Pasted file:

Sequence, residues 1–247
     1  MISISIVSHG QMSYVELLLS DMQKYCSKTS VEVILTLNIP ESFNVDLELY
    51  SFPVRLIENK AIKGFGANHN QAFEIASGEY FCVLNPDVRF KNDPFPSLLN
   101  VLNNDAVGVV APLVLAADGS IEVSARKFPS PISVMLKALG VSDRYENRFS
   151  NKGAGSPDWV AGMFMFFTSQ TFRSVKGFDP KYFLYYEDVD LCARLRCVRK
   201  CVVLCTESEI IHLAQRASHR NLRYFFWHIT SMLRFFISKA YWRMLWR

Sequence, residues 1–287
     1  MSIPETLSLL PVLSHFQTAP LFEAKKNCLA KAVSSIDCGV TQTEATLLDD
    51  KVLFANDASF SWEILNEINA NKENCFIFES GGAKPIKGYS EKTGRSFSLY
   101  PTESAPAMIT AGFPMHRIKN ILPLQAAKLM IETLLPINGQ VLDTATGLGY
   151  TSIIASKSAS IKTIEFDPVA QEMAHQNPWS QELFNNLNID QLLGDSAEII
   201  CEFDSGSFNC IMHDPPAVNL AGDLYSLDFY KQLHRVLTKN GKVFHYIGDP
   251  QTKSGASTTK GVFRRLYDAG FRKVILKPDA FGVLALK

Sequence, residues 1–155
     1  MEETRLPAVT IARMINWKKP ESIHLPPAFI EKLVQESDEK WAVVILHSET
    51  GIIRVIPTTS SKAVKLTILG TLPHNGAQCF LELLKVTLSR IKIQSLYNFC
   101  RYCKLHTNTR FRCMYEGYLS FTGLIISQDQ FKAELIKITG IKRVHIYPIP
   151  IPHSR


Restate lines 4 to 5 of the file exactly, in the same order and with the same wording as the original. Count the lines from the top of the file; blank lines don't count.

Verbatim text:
   101  VLNNDAVGVV APLVLAADGS IEVSARKFPS PISVMLKALG VSDRYENRFS
   151  NKGAGSPDWV AGMFMFFTSQ TFRSVKGFDP KYFLYYEDVD LCARLRCVRK